It seems that APIs are conquering the world of finance. In the past, it was mainly IT professionals who talked about APIs, but Sibos 2019, an annual banking and finance conference that took place last September in London, showed that stakeholders in the market have definitely embraced the importance of APIs. Everyone is aware that APIs play a crucial role in enabling customer data to third parties in the age of Open Banking.
This means that APIs are no longer seen as a difficult technical matter, but as a crucial building block for the future. The discussion about APIs is a clear signal to me that the digitization of banks and other financial institutions is in full swing. During Sibos APIs were regularly mentioned, especially when the topic of Open Banking was discussed. The global adoption of ISO 20022 was also mentioned, but unlike ISO 20022, which is mainly a specific topic in our industry and not really visible for consumers, I was particularly curious about the topics that directly affect consumers. I’m talking about Open Banking and Instant Payments (IP). What challenges are there due to Open Banking and what are the benefits of IP?
Regulatory side of Open Banking
The story of Open Banking was not just about opportunities, but also a bit of a recap about the regulatory side. Stephan Mueller, Divisional Board Member Transaction Banking at German bank Commerzbank, raised an important issue when he stated that we are facing new challenges in the field of fraud and fraud detection. “We need to look closely at who will be using the interfaces and APIs. In the past, consumers were protected by the banks, but there will be many more market players who are able to collect consumer data. The question is: will third parties abuse customer data or are they actually collecting data in the interest of the customer?”
Scott McInnes from international law firm Bird & Bird gives an example that supports Mueller’s story. McInnes: “Once a party came to me and asked if I could arrange a license to access account information. I asked what the company was up to. They said: ‘Well, we want the data to do stuff with.’ So, this organization didn’t really have an idea. This mindset might lead to potential misuse of customer data.”
The speakers of the session agreed that the most important thing is to protect consumers’ data in the right way. This is a point of view that we all share, but it immediately raises the question of how we can prevent data fraud in the future. It soon became clear that there was no one-sided answer to this question. In fact, we should all be aware of this and keep an eye on it, because it is in the interests of all finance stakeholders that consumer data does not fall into the wrong hands.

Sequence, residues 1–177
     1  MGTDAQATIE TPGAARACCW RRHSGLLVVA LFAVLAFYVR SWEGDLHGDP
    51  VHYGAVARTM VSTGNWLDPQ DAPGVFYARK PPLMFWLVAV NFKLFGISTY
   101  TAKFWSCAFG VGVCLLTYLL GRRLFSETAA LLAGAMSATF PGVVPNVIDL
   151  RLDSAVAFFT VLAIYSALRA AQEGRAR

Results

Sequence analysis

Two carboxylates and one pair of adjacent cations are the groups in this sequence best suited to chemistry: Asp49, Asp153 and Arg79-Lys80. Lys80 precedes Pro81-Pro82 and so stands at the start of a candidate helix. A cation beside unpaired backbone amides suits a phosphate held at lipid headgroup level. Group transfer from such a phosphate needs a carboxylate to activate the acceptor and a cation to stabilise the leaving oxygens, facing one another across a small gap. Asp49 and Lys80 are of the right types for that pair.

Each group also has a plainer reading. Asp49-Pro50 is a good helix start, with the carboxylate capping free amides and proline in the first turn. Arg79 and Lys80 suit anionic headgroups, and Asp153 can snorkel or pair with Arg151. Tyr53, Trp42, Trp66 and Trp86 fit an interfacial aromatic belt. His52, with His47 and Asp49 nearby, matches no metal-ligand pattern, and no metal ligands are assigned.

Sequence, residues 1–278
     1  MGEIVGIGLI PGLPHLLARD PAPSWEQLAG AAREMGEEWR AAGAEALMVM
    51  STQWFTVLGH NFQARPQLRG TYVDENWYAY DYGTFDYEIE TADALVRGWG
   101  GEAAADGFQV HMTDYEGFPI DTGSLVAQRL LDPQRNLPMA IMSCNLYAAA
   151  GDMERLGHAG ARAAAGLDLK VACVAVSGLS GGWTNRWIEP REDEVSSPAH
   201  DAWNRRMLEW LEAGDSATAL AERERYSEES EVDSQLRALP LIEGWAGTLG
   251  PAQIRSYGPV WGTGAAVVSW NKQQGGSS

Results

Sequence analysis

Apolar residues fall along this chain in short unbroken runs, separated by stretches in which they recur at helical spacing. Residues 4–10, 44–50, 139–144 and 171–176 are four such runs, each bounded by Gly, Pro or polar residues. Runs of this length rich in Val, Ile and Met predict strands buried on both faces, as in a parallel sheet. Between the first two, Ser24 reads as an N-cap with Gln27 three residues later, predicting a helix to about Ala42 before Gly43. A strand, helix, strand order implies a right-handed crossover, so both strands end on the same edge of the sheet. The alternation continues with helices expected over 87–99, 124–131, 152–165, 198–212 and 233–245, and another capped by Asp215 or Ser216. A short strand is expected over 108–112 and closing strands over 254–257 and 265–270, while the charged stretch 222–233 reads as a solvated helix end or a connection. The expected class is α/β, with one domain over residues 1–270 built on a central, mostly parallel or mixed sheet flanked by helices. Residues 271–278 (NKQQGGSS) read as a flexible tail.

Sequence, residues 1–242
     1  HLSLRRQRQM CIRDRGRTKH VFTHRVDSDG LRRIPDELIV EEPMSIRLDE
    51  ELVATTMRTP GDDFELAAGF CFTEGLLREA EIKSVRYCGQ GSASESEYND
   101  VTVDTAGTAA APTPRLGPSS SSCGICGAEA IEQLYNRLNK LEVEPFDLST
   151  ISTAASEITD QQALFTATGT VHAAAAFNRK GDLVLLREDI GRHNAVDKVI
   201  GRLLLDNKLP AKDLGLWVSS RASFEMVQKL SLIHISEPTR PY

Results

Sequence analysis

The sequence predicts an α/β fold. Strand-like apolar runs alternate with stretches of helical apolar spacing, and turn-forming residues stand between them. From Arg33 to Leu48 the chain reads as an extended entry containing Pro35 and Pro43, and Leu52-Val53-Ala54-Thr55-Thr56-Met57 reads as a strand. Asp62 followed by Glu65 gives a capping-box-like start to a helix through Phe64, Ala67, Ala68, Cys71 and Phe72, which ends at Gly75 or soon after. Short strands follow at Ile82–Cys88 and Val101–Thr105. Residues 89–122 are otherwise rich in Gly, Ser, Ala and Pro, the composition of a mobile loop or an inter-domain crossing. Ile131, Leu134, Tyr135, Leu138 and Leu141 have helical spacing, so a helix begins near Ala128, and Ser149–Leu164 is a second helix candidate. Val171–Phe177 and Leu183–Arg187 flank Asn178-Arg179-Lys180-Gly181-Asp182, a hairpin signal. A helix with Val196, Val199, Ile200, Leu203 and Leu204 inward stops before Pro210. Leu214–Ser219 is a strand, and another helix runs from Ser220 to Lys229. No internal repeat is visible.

Added value is obvious
A more opportunity driven approach followed when the subject changed to Instant Payments. According to Pierre Antoine Vacheron, CEO of Natixis Payments, the added value of IP for consumers is obvious. “Not only for P2P payments, but also, for example, for consumer credit or insurance companies that can transfer the money immediately after a claim. IP will also play an important role at corporate level, as it will enable companies to change the purchasing processes and to drastically optimize their treasury management.”
“Remember, the world has become instant”, says Mueller. “If you send a WhatsApp message, it is immediately at its destination. Today, consumers expect everything to be there right away, they have no idea what that takes behind the scenes.”
It is encouraging to see that a lot of companies emphasize the future added value of IP. I also see the clear gains of this payment method. Interesting topic for discussion will be the added value of IP at the point of sale (POS), because contactless payment by mobile or card is already extremely frictionless and easy for consumers. But, as CEO Hays Littlejohn of EBA Clearing said, even POS payments need a level of service and messaging, so it is not impossible that IP will be able to play an important role in that market as well. It became clear to me that I am not the only one that thinks that IP will become the new normal in the future.
By Tom Nijenhuis, Division Manager Corporate Affairs at equensWorldline